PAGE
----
***E. E. Cummings was heavily inspired not only by Apollinaire’s dropping of punctuation, but his freeness with placement of text on the page.
****The taxis that saved Paris legend may not hold up. But my favorite part of this linked story? The account that the taxi owners kept the meters running and presented a bill to the government after the battle. Paging Joseph Heller or Milo Minderbinder to the white courtesy phone.
*****Or not—at least by intent. On the rattling plastic luggage record players of the time, I always heard Iggy Pop’s opening lines in 1969 to be “It’s 1969 OK/War across the USA.” Some cover versions say I’m not the only one who heard “war” as part of the folk process. The published lyrics and close listening with headphones say Iggy was singing “All across the USA.” Well, excuse me while I kiss this guy. The Iliad was carried by an oral tradition long before it was written down. Regression analysis says Homer wrote it about some sunny Mediterranean partying and dancing. The homoerotic and warfare parts were just misheard by the folks in the back row.
Here’s a piece for today’s U. S. holiday: President’s Day.
Long-time readers here know that’s not going to be simple, but it may be interesting.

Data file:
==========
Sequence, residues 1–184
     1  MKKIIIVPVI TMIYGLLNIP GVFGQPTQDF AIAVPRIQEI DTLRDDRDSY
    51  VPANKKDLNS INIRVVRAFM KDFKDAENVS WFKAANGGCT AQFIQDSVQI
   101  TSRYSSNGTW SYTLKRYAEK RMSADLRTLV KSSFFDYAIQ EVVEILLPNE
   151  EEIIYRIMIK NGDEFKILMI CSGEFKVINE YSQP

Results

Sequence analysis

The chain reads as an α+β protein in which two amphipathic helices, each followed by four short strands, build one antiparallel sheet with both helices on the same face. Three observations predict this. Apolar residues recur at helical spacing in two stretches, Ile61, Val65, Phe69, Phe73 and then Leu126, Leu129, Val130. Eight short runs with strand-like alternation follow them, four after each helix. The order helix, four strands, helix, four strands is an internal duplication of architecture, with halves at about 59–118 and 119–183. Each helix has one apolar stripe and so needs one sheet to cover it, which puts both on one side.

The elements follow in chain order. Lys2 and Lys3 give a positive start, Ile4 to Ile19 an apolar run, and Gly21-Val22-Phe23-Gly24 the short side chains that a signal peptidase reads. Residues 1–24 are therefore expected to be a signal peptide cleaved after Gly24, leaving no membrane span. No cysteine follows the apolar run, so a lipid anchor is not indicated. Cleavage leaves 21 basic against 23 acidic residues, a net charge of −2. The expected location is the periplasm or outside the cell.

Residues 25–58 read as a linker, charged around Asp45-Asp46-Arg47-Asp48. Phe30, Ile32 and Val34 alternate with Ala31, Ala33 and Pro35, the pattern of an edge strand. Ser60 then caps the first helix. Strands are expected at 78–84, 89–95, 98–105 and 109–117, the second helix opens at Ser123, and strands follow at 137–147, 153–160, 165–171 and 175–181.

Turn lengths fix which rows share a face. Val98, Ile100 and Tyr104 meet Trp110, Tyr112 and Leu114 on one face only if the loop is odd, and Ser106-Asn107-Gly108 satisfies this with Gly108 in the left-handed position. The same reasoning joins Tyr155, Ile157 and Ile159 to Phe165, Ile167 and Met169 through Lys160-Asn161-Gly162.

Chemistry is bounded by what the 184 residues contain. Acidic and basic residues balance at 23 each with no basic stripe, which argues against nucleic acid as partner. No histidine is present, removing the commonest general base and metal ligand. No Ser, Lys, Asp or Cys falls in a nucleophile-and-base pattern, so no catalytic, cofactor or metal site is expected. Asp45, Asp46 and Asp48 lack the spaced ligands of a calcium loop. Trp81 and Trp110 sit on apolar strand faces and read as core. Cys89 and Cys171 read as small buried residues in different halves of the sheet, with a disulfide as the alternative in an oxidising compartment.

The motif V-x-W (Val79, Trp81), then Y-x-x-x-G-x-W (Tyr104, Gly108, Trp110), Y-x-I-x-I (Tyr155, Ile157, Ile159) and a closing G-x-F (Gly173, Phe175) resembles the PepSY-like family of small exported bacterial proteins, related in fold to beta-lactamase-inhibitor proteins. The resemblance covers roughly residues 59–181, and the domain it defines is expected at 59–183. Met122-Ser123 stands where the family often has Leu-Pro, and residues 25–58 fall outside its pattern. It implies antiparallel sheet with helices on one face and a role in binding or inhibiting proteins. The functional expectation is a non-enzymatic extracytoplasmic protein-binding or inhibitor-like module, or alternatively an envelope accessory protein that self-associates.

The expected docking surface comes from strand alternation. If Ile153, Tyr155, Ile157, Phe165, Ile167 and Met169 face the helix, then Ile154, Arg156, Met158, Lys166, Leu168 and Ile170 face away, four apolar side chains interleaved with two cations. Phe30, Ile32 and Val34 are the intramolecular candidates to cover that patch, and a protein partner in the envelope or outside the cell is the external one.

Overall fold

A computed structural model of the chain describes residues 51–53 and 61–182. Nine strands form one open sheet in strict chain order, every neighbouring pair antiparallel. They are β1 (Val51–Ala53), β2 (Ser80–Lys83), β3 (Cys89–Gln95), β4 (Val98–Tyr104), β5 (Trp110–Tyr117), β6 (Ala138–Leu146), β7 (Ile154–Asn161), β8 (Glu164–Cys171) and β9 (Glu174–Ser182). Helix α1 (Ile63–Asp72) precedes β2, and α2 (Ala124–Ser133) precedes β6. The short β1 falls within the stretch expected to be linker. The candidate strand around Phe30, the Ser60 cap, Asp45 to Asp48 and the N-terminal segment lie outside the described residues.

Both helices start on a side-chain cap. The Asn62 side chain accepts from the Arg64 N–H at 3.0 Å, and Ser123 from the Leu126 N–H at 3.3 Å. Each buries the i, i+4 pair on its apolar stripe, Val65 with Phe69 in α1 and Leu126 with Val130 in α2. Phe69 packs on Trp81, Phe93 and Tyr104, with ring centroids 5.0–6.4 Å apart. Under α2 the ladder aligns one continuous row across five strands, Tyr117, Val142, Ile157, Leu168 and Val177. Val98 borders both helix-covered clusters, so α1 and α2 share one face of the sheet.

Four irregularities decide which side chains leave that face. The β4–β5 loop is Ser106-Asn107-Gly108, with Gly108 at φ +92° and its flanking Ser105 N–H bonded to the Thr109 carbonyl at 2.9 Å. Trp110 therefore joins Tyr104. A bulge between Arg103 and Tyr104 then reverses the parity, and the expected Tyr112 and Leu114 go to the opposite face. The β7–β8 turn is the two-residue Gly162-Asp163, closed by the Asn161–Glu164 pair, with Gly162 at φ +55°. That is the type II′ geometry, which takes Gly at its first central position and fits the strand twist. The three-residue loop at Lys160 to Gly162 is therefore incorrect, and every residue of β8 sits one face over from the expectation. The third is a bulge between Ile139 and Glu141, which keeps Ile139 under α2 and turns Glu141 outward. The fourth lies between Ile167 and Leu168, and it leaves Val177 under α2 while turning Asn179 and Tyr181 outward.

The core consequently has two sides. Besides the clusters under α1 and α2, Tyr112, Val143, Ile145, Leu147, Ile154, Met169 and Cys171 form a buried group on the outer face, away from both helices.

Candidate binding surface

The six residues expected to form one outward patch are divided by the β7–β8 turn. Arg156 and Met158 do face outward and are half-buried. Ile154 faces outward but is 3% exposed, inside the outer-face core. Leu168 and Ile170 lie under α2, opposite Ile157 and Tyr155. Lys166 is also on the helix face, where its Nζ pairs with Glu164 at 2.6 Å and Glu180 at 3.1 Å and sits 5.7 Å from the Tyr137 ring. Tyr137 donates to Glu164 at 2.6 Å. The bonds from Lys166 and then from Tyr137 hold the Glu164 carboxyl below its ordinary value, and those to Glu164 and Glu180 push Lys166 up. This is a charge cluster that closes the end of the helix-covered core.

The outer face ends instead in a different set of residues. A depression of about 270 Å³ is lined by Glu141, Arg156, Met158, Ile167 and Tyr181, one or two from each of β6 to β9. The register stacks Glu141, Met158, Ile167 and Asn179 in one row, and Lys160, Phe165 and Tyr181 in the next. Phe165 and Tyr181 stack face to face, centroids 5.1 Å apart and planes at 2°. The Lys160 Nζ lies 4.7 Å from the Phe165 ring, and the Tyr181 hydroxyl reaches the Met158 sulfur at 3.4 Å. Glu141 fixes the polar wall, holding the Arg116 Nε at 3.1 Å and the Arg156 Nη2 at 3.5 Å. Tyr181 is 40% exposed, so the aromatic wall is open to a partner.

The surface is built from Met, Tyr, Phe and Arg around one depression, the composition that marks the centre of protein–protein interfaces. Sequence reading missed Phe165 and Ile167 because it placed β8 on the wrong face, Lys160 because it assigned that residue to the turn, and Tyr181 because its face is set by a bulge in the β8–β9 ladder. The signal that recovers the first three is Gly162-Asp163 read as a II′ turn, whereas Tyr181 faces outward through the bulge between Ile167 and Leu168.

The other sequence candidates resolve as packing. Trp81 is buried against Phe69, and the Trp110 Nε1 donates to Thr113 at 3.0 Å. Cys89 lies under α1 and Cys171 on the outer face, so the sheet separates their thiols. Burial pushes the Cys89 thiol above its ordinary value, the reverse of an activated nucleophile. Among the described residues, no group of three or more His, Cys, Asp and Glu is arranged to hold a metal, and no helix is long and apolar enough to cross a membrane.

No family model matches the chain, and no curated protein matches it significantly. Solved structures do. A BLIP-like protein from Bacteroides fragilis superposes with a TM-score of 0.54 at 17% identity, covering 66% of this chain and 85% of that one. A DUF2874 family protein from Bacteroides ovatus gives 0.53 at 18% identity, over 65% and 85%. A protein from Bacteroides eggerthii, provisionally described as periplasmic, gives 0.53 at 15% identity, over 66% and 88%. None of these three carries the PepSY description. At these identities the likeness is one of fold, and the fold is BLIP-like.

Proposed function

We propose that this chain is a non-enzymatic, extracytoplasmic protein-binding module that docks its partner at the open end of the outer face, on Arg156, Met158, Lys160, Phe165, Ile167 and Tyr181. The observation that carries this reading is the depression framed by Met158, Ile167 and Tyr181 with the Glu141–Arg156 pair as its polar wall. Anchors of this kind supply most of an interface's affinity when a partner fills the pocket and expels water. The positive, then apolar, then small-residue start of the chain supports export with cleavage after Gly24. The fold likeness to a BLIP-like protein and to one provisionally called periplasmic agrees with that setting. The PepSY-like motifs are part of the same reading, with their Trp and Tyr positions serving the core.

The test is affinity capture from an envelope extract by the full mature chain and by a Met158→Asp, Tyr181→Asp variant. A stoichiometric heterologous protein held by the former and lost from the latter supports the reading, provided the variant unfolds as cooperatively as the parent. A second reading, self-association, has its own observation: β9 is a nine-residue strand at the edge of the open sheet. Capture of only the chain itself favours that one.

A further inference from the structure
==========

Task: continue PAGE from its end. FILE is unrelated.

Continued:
For some time in this project I’ve thought I’ll have to deal with Vachel Lindsay. In the early days of poetic Modernism a century ago, when no one knew exactly how that movement would turn out, Lindsay was a force to be reckoned with, with a life story and approach to his art that was so outsized, that if he hadn’t actually existed, and instead you created him as a character, you would be charged with unrealistic and exaggerated imagination.
In the great American tradition of bohemian artistry, Lindsay was not well-off, not Ivy League educated, nor born in some cultural capitol. By force of will he decided that he would make his way in the increasingly business-oriented world of the 20th Century as a poet.
How’d that work out? Better than you might imagine, if only for a time. He made most of his bones touring the country intensively, reciting his poetry in a flamboyant style. Much like the life of a musician, it worked only to the degree that he was able to keep up a relentless road-dog touring schedule. Between tours, what time he had to write was also the time that he fell into debt and doubt.
If you think that poetry should be, at least in part, a spoken art form, Lindsay was there before. If one wants poetry to be appreciated as a popular form, with no academic prerequisites, Lindsay lived that. If you want poetry to be a force for social good, Lindsay too. Slam poetry? Lindsay was doing that before there was a name. Poetry inspired by and linked with vernacular music? Lindsay, a century ago.